Classic Rock’s New Releases Round-Up
In this week’s New Releases Round-Up we’ve got an American guitarist going all Swedish. We’ve got a young Brit getting bluesy. We’ve got an old American AOR band going live. And a veteran British guitarist showcasing a large part of his past. Plus lots more. Come on inside…
Words: Malcolm Dome
If the name Ryan Roxie rings any bells, then that’s because of his association with both Alice Cooper and Slash. Now Casablanca showcase not only his abilities, but also those of an essentially Swedish band who really sound capable of going far. Apocalyptic Youth (Rocket Songs) is stuffed with trash-rock anthems that bristle with energy, style and tunefulness. It’s Hanoi Rocks with a modern edge and a surprising sophistication.
Mitch Laddie has got the likes of Walter Trout hailing him as the finest blues-rock guitarist of his generation. Well, the 21-year-old from North East England shows his prowess on Burning Bridges (Mystic Records). It is neither a guitar extravaganza, nor an overtly blues-related album. Rather, Laddie uses the opportunity to prove he has an individual flair and touch. The songs are thoughtful and the attention to musical detail is undeniable. But what really impresses is that the passion is never subsumed by technique. That’s a rare skill in itself.
There’s a dark shadow over the new Woods Of Yypres album Woods 5: Grey Skies & Electric Light (Earache). Mainman David Gold died at the end of last year, which brings a poignancy to so many of the lyrics here, because they deal with embracing death and starkness of life. In fact, this is a fascinating and charismatic album, with considerable European folk influences coming through the icy veneer of the Canadians. To call it a fitting tribute to Gold is trite, but the progressive urges here make this a powerful album that will endure.
Jefferson Starship have often plotted an uncertain course. The Best Of Mick’s Picks (Retroworld) is a live double CD showcasing the band in more recent years. Shorn of Grace Slick, replaced by the unassuming Diane Mangano, this is a band who come across as a shadow of how they were in their prime, Even the presence of Starship giants Paul Kantner and Marty Balin cannot alter the uneven feel of the performances here. The first CD features a 2004 show from The Cavern in Liverpool, as well as five acoustic tracks from 1999. The second one has material from a German show in 2005, as well as selections from other shows around the same time period. While there are some special moments, nonetheless it really is only a release to appeal to the real diehards.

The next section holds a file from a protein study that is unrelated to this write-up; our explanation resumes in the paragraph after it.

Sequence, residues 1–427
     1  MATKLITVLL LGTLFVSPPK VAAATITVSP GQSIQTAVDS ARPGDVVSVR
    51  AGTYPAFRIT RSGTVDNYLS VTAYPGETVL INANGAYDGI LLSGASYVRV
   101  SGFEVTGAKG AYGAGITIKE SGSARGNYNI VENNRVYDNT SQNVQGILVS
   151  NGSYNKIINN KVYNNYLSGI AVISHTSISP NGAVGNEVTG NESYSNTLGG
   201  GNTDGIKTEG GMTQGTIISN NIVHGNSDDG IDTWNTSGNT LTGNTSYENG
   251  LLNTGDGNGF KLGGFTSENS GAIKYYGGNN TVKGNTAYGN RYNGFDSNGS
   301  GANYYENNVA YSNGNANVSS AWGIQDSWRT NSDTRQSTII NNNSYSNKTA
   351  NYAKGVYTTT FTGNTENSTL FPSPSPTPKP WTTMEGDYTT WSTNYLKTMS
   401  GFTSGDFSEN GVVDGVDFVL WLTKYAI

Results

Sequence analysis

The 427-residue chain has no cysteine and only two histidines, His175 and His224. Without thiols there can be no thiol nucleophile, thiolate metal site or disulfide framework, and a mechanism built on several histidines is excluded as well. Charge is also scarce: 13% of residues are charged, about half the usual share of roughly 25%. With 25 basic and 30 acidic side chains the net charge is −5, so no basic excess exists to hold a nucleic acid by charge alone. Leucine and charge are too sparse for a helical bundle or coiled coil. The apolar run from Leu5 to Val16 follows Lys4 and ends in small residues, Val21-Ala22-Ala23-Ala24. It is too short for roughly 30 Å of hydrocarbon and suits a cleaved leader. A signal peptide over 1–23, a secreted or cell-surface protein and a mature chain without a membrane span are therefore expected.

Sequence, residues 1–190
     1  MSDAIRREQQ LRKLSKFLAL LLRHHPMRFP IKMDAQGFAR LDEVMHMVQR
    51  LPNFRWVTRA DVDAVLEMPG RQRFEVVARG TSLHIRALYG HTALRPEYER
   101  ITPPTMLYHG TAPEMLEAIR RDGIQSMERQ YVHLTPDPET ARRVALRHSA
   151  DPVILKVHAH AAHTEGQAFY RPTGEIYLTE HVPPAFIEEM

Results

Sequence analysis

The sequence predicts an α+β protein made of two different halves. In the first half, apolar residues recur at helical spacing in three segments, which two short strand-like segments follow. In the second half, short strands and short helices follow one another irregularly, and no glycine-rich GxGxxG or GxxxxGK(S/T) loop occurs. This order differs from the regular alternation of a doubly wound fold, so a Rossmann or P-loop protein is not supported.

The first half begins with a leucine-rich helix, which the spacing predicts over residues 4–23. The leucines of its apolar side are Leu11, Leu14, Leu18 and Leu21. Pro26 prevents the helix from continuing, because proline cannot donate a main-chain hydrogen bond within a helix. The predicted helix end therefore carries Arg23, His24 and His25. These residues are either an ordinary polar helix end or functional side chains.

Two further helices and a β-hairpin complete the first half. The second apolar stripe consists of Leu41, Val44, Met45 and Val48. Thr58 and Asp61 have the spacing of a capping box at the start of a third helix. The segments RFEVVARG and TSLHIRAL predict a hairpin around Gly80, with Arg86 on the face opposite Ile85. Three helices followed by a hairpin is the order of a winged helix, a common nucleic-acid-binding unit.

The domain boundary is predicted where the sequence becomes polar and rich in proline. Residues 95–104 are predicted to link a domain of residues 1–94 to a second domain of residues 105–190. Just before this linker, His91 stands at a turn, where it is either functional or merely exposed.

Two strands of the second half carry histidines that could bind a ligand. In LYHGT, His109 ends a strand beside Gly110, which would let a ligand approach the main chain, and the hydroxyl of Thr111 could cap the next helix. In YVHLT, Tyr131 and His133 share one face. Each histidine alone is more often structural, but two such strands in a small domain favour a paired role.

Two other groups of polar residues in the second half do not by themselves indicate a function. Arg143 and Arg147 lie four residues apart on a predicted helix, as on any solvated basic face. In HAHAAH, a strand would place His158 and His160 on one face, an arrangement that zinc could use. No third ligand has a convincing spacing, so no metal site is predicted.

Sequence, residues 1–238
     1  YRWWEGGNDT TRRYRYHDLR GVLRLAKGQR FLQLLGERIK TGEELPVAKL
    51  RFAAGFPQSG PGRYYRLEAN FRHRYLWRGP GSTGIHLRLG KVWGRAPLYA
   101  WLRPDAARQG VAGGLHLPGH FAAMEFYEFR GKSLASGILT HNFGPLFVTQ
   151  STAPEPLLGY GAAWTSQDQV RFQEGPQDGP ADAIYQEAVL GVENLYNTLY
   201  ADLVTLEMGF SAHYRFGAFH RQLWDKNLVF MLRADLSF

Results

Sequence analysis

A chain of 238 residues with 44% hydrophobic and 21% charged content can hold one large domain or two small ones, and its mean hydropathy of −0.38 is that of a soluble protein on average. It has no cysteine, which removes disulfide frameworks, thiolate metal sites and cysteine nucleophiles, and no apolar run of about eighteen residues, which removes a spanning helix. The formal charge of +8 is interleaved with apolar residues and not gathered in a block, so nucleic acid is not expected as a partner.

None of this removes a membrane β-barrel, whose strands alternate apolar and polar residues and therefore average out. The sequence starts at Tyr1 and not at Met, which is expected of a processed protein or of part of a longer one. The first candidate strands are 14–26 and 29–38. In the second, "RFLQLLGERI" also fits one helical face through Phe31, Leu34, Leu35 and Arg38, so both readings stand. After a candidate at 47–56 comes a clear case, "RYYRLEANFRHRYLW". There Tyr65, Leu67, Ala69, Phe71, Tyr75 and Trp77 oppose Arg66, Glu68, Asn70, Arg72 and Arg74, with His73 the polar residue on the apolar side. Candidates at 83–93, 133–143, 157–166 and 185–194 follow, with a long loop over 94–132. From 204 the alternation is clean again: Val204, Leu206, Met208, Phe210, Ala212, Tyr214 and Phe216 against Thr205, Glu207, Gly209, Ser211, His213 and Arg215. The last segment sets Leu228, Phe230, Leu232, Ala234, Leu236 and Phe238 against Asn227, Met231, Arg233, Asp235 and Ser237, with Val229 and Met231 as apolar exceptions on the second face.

Freedom Hawk have a way of capturing early Sabbath and filtering this through Kyuss and Hawkwind. It works impressively on Holding On (Small Stone). Their third album, this bristles with sparkling riffs and a stoner groove that avoids being clichéd. They haven’t so much reinvented the whole notion of feeding off 70s hard rock as given it a fresh dimension.
New Jersey’s Infernal Overdrive also belong in that 70s box. Debut album Last Rays Of The Dying Sun (Small Stone) has a diversity that takes it from a cover of Ace Frehley’s Rip It Out to the epic Motor, which is reminiscent of early Hawkwind, but with a little doom dipped into the mix. This is a thoroughly entertaining and inventive band, who also have a little southern rock and Thin Lizzy about them.
The second part of Robin Trower’s tremendous career on the Chrysalis label is showcased on the triple CD Farther On Up The Road, 1977-1983. This not only underlines the man’s blues-rock prowess, but highlights Trower’s ability to diversify. When you take this compilation alongside the first volume, you really have a definitive chronicle of one of the true giants of British rock over the past four decades.
If you fancy listening to someone who sounds exactly like Status Quo, then Ian Hill’s your man. Keep On Rockin’ On is so much an imitation of Quo that it’s a relief to find out the album has been conceived as a direct tribute to them. Everything about this is so well pieced together that you have to admire the dedication and detail Hill (no relation to Judas Priest’s Ian Hill) has put in. Of course, it’s not as good as the real thing. Still, you can find out more here.
Tags: Ace Frehley, Alice Cooper Slash, Black Sabbath, Casablanca, David Gold, Diane Mangano, Freedom Hawk, Grace Slick, Hawkwind, Ian Hill, Infernal Overdrive, Jefferson Starship, Kyuss, Marty Balin, Mitch Laddie, Paul Kantner, Robin Trower, Ryan Roxie, Status Quo, Woods Of Ypres